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diary of a sofer - part 41 - havchanot tinok - part deux

Mordechai Pinchas Sofer

Well you wait ages for a real life example of havchanot tinok (the discernment of a child) and then (like buses) two come along at once. And this one was great!

At the Sefardi synagogue that I go to occasionally and up comes a chap called Ezra during the haftarah and says - can you come and look at the Torah - there’s a letter I don’t think is kasher. So up to the bimah I pop whilst there is a bit of a break between prayers and the d’var torah. “Read it”, he says - quite rightly he doesn’t want to tell me what the problem is - he wants to see if I see the problem. So I’m reading along and then immediately stop and say - “well that bet in beyn (between) looks like a nun”. “That’s the problem”, he says. Well it’s a close one - a case of genuine safek (doubt). The bet is too small squeezed in between (pun intended) the words and does look like a nun as it is only just over one kulmus (nib-width) wide. But it does have the smallest ekev (heel) that might make it a bet. Oh how I wished for my ‘shabbat camera’ (they really need to invent one of those). And it was genuine doubt as other members of the community who had seen it felt it was a bet and some said nun. Genuine doubt = discernment of a child. But no children of the right age and knowledge in shul that day so we had to let it pass, but not until I had given an impromptu drasha on the halacha surrounding pasul letters, matters of doubt and how it should be dealt with to the community.

Later I checked one of my books S’fakot Hasofer. I had made the right call. Genuine doubt - if a child read it as bet it would be kasher, if a nun - pasul

Excerpt from S’fakot Hasofer showing the exact issue - I love textbook examples - it just brings it all to life.

Fast forward to Lag Ba’Omer and a community barbecue and a chance (not shabbat) to look at the Torah with a child present. Step forward Joshua.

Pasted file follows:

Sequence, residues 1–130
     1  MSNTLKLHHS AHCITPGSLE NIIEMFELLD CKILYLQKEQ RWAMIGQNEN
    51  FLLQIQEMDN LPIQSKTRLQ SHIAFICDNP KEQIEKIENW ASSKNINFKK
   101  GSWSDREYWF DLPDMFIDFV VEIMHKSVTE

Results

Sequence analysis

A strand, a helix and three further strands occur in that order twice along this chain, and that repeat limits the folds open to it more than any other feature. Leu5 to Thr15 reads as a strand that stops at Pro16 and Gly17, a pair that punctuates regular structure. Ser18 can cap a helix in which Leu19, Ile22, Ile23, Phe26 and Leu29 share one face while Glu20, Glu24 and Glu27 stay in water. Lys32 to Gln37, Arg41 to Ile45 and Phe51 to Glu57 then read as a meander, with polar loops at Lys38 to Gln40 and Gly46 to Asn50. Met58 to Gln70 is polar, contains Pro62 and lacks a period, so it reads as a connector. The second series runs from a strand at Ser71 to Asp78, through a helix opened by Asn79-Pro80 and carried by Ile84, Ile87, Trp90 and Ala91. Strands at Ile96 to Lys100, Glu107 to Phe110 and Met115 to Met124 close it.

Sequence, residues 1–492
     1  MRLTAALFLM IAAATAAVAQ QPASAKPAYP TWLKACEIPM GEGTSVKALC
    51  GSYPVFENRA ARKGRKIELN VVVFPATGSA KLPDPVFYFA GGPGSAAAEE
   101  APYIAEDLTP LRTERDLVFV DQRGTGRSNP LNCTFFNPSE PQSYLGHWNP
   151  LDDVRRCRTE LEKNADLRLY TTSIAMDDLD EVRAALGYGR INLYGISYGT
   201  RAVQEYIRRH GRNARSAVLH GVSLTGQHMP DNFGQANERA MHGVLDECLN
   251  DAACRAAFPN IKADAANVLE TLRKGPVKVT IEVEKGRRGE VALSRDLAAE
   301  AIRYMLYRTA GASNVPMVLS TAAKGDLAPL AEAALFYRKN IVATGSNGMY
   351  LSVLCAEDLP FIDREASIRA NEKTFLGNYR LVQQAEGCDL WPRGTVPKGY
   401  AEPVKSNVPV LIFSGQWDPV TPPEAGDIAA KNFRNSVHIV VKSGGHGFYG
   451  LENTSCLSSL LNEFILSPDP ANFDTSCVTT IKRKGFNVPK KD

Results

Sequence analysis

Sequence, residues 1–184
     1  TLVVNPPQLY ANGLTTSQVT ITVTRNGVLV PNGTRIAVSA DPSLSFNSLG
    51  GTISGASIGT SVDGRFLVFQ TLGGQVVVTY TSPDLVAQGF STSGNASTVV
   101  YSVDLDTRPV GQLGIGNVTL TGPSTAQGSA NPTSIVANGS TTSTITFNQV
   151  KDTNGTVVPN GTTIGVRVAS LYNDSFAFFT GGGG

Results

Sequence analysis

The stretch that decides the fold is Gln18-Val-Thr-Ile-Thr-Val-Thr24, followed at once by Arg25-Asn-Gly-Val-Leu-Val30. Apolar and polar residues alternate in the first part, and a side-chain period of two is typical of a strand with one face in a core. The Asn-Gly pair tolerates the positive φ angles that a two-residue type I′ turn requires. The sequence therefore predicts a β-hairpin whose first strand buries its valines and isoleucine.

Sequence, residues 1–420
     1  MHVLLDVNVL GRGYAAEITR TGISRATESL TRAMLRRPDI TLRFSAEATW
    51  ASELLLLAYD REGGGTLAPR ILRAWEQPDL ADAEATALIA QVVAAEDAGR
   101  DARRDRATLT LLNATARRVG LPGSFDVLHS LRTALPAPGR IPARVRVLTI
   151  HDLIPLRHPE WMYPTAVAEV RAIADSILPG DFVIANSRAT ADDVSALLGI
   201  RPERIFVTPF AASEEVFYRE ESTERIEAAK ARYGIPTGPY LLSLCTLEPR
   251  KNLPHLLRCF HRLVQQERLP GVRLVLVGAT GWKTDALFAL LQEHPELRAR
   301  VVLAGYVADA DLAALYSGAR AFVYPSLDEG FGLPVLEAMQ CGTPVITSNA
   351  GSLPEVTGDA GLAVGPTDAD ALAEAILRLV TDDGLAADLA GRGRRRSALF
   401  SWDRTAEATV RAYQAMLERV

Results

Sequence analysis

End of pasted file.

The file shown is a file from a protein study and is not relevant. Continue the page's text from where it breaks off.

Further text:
I get Joshua to read a few letters at random and then covering the nun sofit of beyn (so he can’t work it from context) then get him to read letters in order from the pey in piy. Peh .. yud ... heh ... chet ... yud ... resh ... tav ...

Above: Ezra opens the ark and we open the Torah - and look at the bet in question.

Joshua hesitates a little and reads ...NUN ... yud.

The Torah is pasul and will need to be fixed.

And, since Ezra found the error he will have the honour of fixing it under my guidance thus gaining the 613th mitsvah.

Having not expected to fix Torah that day - my main expectation was to eat meat and sing - I run home to fetch a kulmus (quill), my keset (ink well) and a travel tikkun and then run back. We take the torah from the aron hakodesh (holy ark) and because it is in a tik we have to remove the scroll part for fixing. I get some paper and make a few letter forms for Ezra to practice on - he needs to add a proper ekev and lengthen the base a little - nothing we can do about the top because of the proximity of the yud. I send Ezra off to wash his hands, then back he needs to state that he is writing this l’shem k’dushat Sefer Torah (for the sake of the holiness of the Sefer Torah) and then read what is writing from the tikkun (one isn’t supposed to do this from memory) and then improve the form of the letter. 

The Torah contains not ten but 613 mitsvot and the last, but not the least of which is to write and own a Sefer Torah - not collectively, but a mitsvah that is incumbent upon every Jew.

In the past people did write or commission the writing of their own scroll.  In our day the observance of this mitsvah is a rare phenomena.  The high cost is prohibitive, limiting this to the wealthy only.  Moreover very few individuals are capable, or more accurately, happy to take the not inconsiderable time to study the halacha of sofrut - the scribal laws -  and develop the necessary calligraphic technique to produce an halachically acceptable scroll. Nonetheless Sefer HaChinuch - the book of instruction - has this as number 613 and the commandment is derived from D'varim , where it states, ‘and now write for yourself this song’ In context this probably refers to the song in close proximity to the statement - the poem of Ha-azinu, but is taken to mean the whole Torah by the rabbis.

Fortunately a statement within the Talmud (Menachot 30a) does at least afford the opportunity for people to have the status of the mitsvah accorded to them.

It reads, 'R. Sheshet said if one corrects even one letter it is considered as if he wrote [an entire Sefer Torah]' and adds: 'whoever writes a Sefer Torah, Scripture deems it as if he received it from Sinai'.

So on Lag Ba’Omer 5770 a Torah was given from Sinai to Ezra - that’s the Sinai just outside Newbury Park!

Mordechai Pinchas

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